Presidential Contenders Head to Iowa

Published 07/16 2014 06:26PM

Updated 07/16 2014 07:00PM

The politician parade officially kicks off in the next couple of weeks, with seven different potential presidential candidates visiting the Hawk Eye State

Many around the state are asking, how early is too early to start winning Iowa supporters?

"Every caucus cycle they are coming earlier," said J. Ann Selzer, the president of a public research firm. 

Selzer said getting to Iowa early is crucial, a strategy that worked well last caucus cycle for Rick Santorum. 

He spent the most days in Iowa the last time around, he visited all 99 counties, and In fact he won," Selzer said. 

In a poll released this May, Selzer asked respondents to rank candidates considering a run for the Republican nomination, and she found some interesting results. 

"There wasn't a clear front runner, and it said to me again the openness of Iowa, that they are willing to give candidates a shot. Come to our state, talk to us, answer our questions, we'll listen and then we will decide," Selzer said. 

More and more potential candidates will be visiting in the coming weeks. 

Drake Political Science Professor, Rachel Paine Caufield, said sometimes Iowans take this for granted.

I think for people outside of the state, the presidential election is a long way away and it is a distant abstract thing, but in Iowa, it happens in our living rooms, it happens in our diners and it happens around the kitchen table,” Caufield said.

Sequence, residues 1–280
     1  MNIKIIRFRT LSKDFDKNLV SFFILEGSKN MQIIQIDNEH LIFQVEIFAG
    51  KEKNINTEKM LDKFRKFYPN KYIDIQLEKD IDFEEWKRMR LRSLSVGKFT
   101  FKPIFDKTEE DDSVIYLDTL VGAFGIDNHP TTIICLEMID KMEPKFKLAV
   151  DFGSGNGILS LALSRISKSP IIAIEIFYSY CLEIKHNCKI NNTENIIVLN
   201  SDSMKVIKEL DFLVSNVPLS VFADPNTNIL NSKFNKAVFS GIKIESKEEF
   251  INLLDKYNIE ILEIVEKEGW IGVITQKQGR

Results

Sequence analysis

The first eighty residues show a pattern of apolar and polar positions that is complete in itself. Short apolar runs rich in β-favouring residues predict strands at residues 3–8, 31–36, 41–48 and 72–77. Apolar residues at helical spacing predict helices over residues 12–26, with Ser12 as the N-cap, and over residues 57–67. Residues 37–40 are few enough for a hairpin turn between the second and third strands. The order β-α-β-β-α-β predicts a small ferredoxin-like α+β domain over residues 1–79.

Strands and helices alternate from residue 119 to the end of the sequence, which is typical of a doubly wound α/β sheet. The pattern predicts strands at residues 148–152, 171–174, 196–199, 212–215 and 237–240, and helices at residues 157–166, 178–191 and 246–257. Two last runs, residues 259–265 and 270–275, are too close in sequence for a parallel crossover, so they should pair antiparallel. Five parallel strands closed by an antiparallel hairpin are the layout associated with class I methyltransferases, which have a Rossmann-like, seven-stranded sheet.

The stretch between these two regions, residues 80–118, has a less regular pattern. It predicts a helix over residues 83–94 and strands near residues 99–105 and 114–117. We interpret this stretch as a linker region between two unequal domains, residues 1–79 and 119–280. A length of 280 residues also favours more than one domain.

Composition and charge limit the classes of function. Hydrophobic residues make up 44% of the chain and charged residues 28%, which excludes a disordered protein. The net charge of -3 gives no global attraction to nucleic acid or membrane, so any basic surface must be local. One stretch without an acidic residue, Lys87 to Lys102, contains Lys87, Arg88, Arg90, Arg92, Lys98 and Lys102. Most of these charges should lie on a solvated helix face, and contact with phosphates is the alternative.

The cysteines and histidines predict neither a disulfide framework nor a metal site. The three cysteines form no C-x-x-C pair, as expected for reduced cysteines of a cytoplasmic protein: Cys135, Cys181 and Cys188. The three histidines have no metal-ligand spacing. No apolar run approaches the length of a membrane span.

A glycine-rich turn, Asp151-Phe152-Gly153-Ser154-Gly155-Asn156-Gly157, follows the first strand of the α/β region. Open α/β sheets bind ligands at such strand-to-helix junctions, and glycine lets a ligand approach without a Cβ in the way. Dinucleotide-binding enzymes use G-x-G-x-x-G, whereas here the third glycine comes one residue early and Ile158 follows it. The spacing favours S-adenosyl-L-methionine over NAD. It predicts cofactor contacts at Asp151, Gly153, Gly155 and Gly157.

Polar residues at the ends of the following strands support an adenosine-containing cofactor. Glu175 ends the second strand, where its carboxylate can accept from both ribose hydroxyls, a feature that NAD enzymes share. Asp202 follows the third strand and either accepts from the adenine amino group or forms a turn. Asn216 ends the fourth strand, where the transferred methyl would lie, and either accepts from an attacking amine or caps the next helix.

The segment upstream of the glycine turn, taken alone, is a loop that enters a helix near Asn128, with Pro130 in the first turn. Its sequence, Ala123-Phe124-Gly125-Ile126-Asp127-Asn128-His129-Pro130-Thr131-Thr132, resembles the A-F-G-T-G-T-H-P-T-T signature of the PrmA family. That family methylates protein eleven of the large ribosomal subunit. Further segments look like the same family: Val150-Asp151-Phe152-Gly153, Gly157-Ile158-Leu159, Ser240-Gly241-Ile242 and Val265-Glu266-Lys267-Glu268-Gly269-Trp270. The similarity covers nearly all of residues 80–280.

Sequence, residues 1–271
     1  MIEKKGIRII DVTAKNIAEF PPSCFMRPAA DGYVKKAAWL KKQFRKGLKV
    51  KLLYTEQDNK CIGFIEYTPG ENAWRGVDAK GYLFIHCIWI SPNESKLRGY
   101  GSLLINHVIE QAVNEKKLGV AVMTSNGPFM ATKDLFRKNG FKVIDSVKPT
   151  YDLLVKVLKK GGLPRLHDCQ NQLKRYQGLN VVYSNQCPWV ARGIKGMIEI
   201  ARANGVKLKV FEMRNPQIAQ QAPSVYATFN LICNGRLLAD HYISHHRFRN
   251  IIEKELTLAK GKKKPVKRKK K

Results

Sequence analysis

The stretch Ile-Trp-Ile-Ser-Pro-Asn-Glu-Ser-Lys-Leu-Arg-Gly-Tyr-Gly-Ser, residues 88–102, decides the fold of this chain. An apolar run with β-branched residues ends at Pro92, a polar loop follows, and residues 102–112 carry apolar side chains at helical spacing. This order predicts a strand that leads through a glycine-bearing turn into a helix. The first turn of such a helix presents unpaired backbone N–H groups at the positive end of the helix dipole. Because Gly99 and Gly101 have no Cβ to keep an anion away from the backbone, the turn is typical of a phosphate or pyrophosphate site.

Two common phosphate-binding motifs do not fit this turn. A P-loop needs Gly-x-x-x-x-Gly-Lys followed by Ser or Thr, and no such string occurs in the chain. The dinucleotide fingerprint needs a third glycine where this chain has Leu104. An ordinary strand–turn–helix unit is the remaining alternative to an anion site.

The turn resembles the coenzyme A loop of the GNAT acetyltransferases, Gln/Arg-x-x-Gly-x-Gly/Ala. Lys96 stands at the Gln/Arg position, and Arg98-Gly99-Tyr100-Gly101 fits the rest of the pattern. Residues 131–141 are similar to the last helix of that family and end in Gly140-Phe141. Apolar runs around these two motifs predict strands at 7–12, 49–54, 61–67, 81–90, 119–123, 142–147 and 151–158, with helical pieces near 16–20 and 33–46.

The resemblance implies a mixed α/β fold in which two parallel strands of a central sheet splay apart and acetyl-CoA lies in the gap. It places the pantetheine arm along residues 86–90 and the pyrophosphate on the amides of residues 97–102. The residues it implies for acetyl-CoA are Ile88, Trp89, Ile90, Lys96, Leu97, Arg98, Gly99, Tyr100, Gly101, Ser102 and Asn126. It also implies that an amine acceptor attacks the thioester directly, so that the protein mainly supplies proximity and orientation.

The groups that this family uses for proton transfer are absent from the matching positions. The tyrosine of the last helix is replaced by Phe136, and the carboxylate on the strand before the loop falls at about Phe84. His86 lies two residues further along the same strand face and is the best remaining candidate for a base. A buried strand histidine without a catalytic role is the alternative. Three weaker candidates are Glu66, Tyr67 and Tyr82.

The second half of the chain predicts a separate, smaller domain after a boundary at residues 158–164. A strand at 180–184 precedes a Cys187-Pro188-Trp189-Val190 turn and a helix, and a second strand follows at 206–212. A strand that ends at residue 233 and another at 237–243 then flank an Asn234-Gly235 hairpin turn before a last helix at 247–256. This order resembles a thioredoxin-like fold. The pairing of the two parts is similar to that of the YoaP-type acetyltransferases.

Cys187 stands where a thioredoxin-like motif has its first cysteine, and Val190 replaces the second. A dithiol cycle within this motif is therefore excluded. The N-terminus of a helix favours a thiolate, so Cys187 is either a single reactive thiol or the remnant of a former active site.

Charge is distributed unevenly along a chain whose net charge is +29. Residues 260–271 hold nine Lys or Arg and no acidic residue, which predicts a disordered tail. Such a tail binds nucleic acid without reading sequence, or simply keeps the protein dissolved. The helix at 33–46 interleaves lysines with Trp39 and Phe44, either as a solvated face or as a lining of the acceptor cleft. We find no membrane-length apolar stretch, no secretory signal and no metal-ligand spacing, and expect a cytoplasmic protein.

New Jersey Governor Chris Christie will arrive to campaign for Governor Branstad on Thursday. Texas Governor Rick Perry and Kentucky Senator Rand Paul have also scheduled visits in the coming days.

So, are the campaigns and fundraising really starting in July 2014?

“We just came off a fundraiser that was a record breaker,” said Darrell Kearney, finance director of the Polk County GOP.

Kearney said the action is just beginning, but these early visits should be taken at face value.

“It's way too early to make a decision about whether you're going to run or not, once the elections of 2014 are over, it's going to be like nascar, ladies and gentlemen, start your engines,” Kearney said.

This year, 12 potential Republican candidates and two Democratic hopefuls have made the trip out to Iowa. 

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